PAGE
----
If you work with students, you’re probably aware of the mental health crisis happening in student culture today. At the same time though, sometimes it’s easy to forget that these issues don’t end when we become adults. In other words, as youth ministry leaders, we are not immune to issues regarding mental health. This week, we sit down with Dr. Chinwé Williams to discuss how mental health can impact our ministries and what we can do as youth leaders to take care of our own mental health.
- How do we learn to tell the difference between a disorder and a season of stress (2:10)
- Why is this something that the church as a whole has a problem with (5:03)
- If counseling isn’t in the cards for people, what are some of the things they can do to prevent getting to those crisis moments (22:40)
- Gen Z is really big into authenticity, so how can that help us be more authentic (30:07)
- How to tell the difference between anxiety and depression (33:57)
- What can we do if we’re beyond preventative help (38:01)
- Tips for walking through mental health issues and what to do next (47:43)
QUOTES FROM THIS EPISODE
“Approximately 1 in 5 adults experience some form of mental health disorder or condition in a given year. —Dr. Chinwe Williams” Click To Tweet“The dirty little secret of working in a church is this: The higher up you are in ministry, the harder it is to find a safe place to talk about what’s going on with you. —Tyreke Wesley” Click To Tweet“Youth workers are tired, and they have too much to do. To stop and take care of yourself seems selfish. But at the end of the day, if you have nothing to pour out, you’re not doing what you’re called to do. —Tom Shefchunas” Click To Tweet“We are much better at numbing than we are experiencing. We don’t know we need help until it’s gone pretty far. —Sarah Anderson” Click To Tweet“You don’t always have to be perfect; it is okay to not be okay. —Dr. Chinwe Williams” Click To Tweet“God will give you the wisdom you need when you lack it, but sometimes He also finds other people for you to participate in the process. There’s no shame in getting the help that you need. —Dr. Chinwe Williams” Click To Tweet
RESOURCES FROM THIS EPISODE
- Book: Didn’t See It Coming: Overcoming the Seven Greatest Challenges That No One Expects and Everyone Experiences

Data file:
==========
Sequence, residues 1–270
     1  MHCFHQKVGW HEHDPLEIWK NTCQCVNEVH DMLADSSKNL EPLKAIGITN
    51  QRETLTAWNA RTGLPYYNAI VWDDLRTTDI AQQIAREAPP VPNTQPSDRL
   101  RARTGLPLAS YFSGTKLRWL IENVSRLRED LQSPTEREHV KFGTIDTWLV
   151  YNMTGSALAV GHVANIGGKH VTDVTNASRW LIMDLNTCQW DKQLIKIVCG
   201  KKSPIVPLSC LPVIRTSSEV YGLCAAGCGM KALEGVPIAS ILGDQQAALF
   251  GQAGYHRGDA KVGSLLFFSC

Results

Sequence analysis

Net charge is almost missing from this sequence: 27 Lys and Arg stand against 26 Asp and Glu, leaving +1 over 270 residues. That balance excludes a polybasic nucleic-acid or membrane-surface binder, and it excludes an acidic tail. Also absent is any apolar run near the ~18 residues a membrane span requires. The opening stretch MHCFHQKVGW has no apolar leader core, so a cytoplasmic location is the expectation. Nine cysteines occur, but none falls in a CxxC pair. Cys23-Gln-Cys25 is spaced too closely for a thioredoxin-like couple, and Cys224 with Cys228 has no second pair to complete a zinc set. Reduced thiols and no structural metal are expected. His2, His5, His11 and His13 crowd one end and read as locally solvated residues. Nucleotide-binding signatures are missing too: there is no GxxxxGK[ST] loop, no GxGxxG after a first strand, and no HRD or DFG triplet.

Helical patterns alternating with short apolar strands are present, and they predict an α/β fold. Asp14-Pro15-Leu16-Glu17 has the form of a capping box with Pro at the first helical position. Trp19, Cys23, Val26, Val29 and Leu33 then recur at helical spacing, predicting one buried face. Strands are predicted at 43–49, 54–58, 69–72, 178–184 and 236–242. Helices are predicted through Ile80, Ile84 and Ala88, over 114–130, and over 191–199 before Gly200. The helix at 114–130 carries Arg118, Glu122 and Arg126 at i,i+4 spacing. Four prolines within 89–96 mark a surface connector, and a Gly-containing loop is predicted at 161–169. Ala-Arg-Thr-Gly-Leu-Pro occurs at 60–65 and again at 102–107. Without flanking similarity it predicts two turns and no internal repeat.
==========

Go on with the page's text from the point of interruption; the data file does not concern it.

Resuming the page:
- Book: People Fuel
- Resource: Mental Health: A Guide For Faith Leaders
- Resource: Quick Reference Guide
- Resource: American Counseling Association
- Resource: National Institute of Mental Health
- Resource: Mental Health America
- Resource: National Alliance on Mental Illness
VOICES IN THIS EPISODE
Sarah is a writer and communicator who has been involved in ministry since 2003. In 2007, she joined the XP3 high school team where she now works as a lead writer and content creator. She also a contributing writer to the Parent Cue blog. Sarah lives in Roswell, Georgia, and is a big fan of her husband, her two boys, Asher and Pace, and, in her weaker moments, McDonald’s french fries.
Tom Shefchunas is the Executive Director of Student Strategy at Orange. In this role, he leads the development and strategy for XP3 Middle School and High School curriculum. Previously, Tom was North Point Ministries’ Multi-Campus Director of Transit, their middle school ministry, for 12 years. And before that, he spent 10 years as a high school teacher, coach, and principal. Additionally, he is the co-author of Lead Small with Reggie Joiner. Tom and his wife, Julie, live in Cumming, Georgia, with their three children, Mac, Joey, and Cooper.
Tyreke Wesley is an engaging communicator with a purpose to help people take the next step forward. In 2011, he obtained his Bachelor’s degree from Morehouse college, followed by a Masters in Divinity from The Candler School of Theology at Emory University in 2014. Tyreke is serving as a Teacher in South West Atlanta and a Youth Minister at The Breakthrough Fellowship in Smyrna, GA. He has worked with inner-city youth for over ten years. Tyreke is devoted to his beautiful wife, Shakeira Wesley, and his two amazing and talented children, Tyson and Jordyn.
Dr. Chinwe Williams specializes in treating individuals who experience depression, anxiety, low self-esteem, histories of trauma/abuse, grief and loss, and relationship challenges. Dr. Chinwe Williams is a Licensed Professional Counselor (LPC) in Georgia and a National Certified Counselor (NCC), with twelve years of experience providing counseling services for adolescents, adults, and families.
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